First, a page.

Hard Times

Reviewed by Angela Hazeldine

“Now what I want is, Facts. Teach these boys and girls nothing but Facts…”

These are the words of Thomas Gradgrind, the School Board Superintendent (played here by Andrew Price). As Northern Broadsides adaptation of Hard Times by Charles Dickens unfolds, we begin to see why this approach to bringing up children can have disastrous effect on their future and indeed, spirit.

Here we have an inventive and ambitious retelling of one of Dickens’ perhaps lesser read tales. Thomas Gradgrind will not allow fanciful thoughts not in his school nor in his home, which becomes somewhat problematic when the circus comes to town.

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The piece is threaded together with tones of nostalgic North England, brass duets and rich north east folk melodies along with circus montages that are both vibrant and haunting at the same time.

The cast all appear to be multi-talented actors who sing, dance, play instruments, walk on stilts, charm snakes (not a real one for those of you that suffer from Ophidiophobia) amongst other things! I haven’t picked out individual performances in this review as this piece is very, very much an ensemble piece with everyone working together to deliver this epic tale.

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For me, the first half felt slightly lacking in momentum but this is probably down to the immense amount of detail needed to round off a Charles Dickens story. The second half seemed to have a lot more energy as all loose ends were tied up and the deviousness of pretty much everyone involved was exposed.

Congratulations to Deborah McAndrews for this adaptation of an epic tale, the story keeps moving but all the details are still there which is so important when dealing with Dickens and also to Conrad Nelson for his direction and fluid telling of the story, no mean feat when a circus is involved!

On at the Lowry until Saturday 10th March tickets available here.


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Northern Broadsides together with New Vic Theatre, Newcastle-under-Lyme bring their swashbuckling tale of the legendary Cyrano De Bergerac to the Lowry this week in a newly adapted production from award-winning playwright Deborah McAndrew. Delivered in verse and littered with delightful blasts of baroque music director/ composer Conrad Nelson’s Cyrano is a gloriously fun interpretation of Edmond Rostand’s romantic comedy about unrequited love.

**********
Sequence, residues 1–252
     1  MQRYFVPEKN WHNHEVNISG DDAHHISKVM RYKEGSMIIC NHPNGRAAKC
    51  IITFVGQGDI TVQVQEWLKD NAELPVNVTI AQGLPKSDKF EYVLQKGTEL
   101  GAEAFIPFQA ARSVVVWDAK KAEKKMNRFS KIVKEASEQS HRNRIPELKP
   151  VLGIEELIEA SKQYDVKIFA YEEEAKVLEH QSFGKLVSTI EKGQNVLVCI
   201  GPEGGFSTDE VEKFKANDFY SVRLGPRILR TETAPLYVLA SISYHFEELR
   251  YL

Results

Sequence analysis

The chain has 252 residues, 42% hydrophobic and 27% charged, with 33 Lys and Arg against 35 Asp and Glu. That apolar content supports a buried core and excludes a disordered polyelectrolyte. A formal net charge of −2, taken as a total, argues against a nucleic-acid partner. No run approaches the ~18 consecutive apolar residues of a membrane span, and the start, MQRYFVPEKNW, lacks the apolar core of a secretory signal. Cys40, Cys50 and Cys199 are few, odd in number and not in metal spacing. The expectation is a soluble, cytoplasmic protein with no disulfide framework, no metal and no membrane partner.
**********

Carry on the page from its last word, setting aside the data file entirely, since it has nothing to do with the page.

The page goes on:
Husband and wife team McAndrew and Nelson stage this European classic with wit and regional charm and although we are in Paris amidst the golden age of the musketeers it is warm Northern voices which deliver the verse. A hint of “Robin Hood Men in tights” in its bold and clever comedy this new adaptation is bright and brilliant.

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Christian Edward makes for a charismatic and commanding Cyrano, entirely confident and cool unless his massive conk gets a mention. Retired to his fate that he’ll never find love with a hooter so large Cyrano becomes third wheel in the fledgling relationship of the blindingly beautiful Roxanne (Sharon Singh) and the ever so handsome Christian (Adam Barlow). Cyrano releases his inner longings for Roxanne onto parchment which she is led to believe comes from the hand of the perfectly formed Christian, who sadly flunked school when it came to prose. It is only many years later Roxanne learns the truth and realises the man she loves has been nose to nose with her for her entire life, quite literally.

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Edwards is exceptional as Cyrano, instantly likeable with bucket loads of swagger he is proud and combative but really loveable at heart. Throughout the piece we see drunken poet Ligniere (Michael Hugo) act almost as a narrator, vocalising the woes of our characters and commentating on the pains that are the Parisian nobles, Hugo is brilliant fun, entertaining and very witty. Francesca Mills takes on multiple roles and is exceptional in all, quick witted and engaging she makes for an excellent pick-pocket sidekick to our hero Cyrano.

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Northern Broadsides have succeeded in making their Cyrano both cheeky and passionate, the entire ensemble cast work brilliantly together, with laughs a plenty as well as tender and touching moments Cyrano has got it all, wit, vigour and the most impressive hooter you’ll ever see!

On at the Lowry until Saturday 22nd April tickets available here; https://www.thelowry.com/events/cyrano